Roman swords and toys found in Hadrian’s Wall Vindolanda dig

Roman swords and toys found in Hadrian's Wall Vindolanda dig

Roman swords and toys found in Hadrian’s Wall Vindolanda dig

A significant new find of Roman artefacts in the North East was similarly to winning the lottery by archaeologists. Thousands of objects were found in a barracks beneath the 4th-century fort of Vindolanda, south of Hadrian ’s Wall near Hexham in Northumberland.

The two toy swords are like those available in the Vindolanda gift shop

It is one of the earliest barracks on the site and dates back to almost 105AD before Emperor Hadrian began the 73-mile defensive barrier in 122AD. The find includes two extremely rare cavalry swords – one of them complete, still with its wooden scabbard, hilt and pommel– and two wooden toy swords.  One has a gemstone in its pommel.

Other weapons, including cavalry lances, arrowheads and ballista bolts were also left behind on the barracks floor and their discovery has also generated a bit of a mystery for those at the dig.

Dr Andrew Birley, Director of Excavations at Vindolanda, said: “You can imagine the circumstances where you could conceive leaving one sword behind rare as it is…. but two?”

Vindolanda in Northumberland
Dig volunteer Sarah Baker with one of the rare cavalry swords.

“Both blades came from separate rooms, and are likely to have belonged to different people.

“One theory is that the garrison was forced to leave in a hurry, and in their haste they left not only the swords but also a great number of other perfectly serviceable items which would have had great value in their time.”

The latest discoveries cap a momentous few weeks of discoveries at Vindolanda.

Test pit excavations, below the stone foundations of the last stone fortress revealed a layer of black, sweet smelling and perfectly preserved anaerobic, oxygen free, soils in an area where they were completely unexpected.

Cavalry Junction strap after conservation

Hidden in this soil were the timber walls and floors, fences, pottery and animal bones, from the abandonment of a Roman cavalry barrack. The excavated rooms included stables for horses, living accommodation, ovens and fireplaces.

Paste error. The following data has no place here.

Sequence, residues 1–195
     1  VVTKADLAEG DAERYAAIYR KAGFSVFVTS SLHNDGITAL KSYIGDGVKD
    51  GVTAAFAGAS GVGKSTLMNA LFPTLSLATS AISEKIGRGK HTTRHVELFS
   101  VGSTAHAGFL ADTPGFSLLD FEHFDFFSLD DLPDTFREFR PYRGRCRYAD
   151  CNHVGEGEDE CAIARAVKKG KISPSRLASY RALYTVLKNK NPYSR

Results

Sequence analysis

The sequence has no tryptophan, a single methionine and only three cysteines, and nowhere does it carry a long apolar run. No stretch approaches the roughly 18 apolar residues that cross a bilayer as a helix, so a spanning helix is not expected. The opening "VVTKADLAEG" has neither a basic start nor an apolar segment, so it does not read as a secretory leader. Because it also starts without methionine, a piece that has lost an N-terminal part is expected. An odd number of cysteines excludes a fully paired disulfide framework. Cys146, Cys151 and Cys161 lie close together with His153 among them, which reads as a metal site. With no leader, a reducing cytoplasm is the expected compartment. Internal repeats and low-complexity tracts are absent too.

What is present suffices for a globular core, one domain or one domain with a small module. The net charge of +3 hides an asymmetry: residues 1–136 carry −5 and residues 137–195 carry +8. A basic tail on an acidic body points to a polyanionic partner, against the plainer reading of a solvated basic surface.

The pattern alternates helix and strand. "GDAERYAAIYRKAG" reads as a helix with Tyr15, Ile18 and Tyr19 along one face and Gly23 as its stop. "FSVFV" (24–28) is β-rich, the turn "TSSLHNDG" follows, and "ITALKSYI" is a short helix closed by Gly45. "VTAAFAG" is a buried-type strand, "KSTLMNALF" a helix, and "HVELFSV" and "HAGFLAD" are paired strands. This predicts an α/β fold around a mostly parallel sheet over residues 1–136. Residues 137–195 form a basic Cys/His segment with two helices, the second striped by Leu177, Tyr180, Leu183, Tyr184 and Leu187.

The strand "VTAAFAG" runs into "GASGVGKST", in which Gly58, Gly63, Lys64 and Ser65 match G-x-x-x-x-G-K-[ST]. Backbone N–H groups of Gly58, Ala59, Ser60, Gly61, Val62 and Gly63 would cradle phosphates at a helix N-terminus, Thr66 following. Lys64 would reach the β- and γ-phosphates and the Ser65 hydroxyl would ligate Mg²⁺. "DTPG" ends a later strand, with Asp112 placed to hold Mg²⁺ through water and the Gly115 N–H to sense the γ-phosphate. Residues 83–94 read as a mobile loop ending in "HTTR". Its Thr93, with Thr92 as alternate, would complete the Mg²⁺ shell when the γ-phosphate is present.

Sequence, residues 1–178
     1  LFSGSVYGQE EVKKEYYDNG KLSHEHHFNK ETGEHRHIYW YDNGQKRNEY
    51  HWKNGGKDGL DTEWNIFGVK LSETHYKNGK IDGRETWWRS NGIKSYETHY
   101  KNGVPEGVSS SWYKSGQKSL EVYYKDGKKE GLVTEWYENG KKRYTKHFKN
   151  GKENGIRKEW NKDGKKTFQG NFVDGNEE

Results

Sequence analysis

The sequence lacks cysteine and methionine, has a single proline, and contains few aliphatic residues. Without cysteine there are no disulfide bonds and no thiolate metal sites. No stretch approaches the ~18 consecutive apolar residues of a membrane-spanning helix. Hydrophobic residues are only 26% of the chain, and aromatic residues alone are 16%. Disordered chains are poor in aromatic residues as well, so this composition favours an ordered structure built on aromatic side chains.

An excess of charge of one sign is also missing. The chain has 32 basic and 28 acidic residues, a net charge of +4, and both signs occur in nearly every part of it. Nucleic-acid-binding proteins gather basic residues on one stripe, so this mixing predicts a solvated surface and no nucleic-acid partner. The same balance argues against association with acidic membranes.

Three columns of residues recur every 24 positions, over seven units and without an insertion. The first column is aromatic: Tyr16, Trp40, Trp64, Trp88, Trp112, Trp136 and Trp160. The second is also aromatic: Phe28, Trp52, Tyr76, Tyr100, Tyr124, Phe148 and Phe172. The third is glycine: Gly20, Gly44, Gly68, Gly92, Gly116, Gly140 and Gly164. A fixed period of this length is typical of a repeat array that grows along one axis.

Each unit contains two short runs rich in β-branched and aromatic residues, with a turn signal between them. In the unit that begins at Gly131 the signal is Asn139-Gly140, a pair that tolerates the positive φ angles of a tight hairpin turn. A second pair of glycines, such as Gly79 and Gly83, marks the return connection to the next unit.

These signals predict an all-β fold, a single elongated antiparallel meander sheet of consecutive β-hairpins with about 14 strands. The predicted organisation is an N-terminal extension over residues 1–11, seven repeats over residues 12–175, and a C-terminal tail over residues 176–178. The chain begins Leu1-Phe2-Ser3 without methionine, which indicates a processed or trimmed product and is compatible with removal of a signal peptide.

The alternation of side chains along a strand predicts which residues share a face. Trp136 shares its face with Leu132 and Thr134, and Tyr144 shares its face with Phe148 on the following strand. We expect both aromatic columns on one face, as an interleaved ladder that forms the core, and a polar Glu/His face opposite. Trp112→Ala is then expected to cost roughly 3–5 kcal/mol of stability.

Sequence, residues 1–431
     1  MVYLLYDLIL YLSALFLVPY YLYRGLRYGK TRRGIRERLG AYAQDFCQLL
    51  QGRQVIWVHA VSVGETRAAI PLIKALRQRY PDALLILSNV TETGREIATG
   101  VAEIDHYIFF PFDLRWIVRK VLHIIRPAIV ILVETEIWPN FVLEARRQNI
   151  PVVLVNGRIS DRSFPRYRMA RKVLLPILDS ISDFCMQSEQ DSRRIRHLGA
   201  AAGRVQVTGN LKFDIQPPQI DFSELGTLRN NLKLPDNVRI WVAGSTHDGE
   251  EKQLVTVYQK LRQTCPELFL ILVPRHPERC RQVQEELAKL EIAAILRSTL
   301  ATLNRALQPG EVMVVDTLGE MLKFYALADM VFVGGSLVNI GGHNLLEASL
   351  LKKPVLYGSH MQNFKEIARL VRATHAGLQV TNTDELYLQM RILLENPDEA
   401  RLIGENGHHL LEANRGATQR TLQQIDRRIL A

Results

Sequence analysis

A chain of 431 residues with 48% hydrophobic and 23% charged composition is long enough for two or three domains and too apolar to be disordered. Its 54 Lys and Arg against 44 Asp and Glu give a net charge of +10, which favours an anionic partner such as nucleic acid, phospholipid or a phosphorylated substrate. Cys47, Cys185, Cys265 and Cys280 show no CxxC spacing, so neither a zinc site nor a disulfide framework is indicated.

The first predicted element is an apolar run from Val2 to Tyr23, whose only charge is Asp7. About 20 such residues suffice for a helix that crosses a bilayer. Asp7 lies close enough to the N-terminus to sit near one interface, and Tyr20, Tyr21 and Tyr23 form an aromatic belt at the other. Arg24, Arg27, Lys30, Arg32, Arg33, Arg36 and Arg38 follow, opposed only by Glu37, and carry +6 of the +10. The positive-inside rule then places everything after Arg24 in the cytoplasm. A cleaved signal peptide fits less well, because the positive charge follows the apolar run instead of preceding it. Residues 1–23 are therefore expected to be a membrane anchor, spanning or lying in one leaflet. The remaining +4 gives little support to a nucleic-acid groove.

While excavating the material from the corner of one of the living rooms the tip of a thin and sharp iron blade was found resting in its wooden scabbard. Further work revealed the whole sword.

Dr Birley spoke of the “quite emotional” moment of the story.

He said: “You can work as an archaeologist your entire life on Roman military sites and, even at Vindolanda, we never expect or imagine to see such a rare and special object as this. It felt like the team had won a form of an archaeological lottery.”

A few weeks later a second sword was found, this time without a wooden handle, pommel or scabbard, but with the blade and tang still complete and sitting on the floor exactly where it had been left thousands of years before.

Cavalry barrack excavation trench

Dr Birley said: “You don’t expect to have this kind of experience twice in one month so this was both a delightful moment and a historical puzzle.”

In another room were two small wooden toy swords, almost exactly the same as those that can be purchased by tourists visiting the Roman Wall today.

Roman ink writing tablets on wood, bath clogs, leather shoes belonging to men, women and children, stylus pens, knives, combs, hairpins, brooches and a wide assortment of other weapons including cavalry lances, arrowheads and ballista bolts were all abandoned on the barrack room floors.

Spectacular copper-alloy cavalry and horse fitments for saddles, junction straps and harnesses which were also left behind remain in such fine condition that they still shine like gold and are almost completely free from corrosion.

Visitors to Vindolanda will be able to see this cache of cavalry finds displayed in the site museum this autumn.

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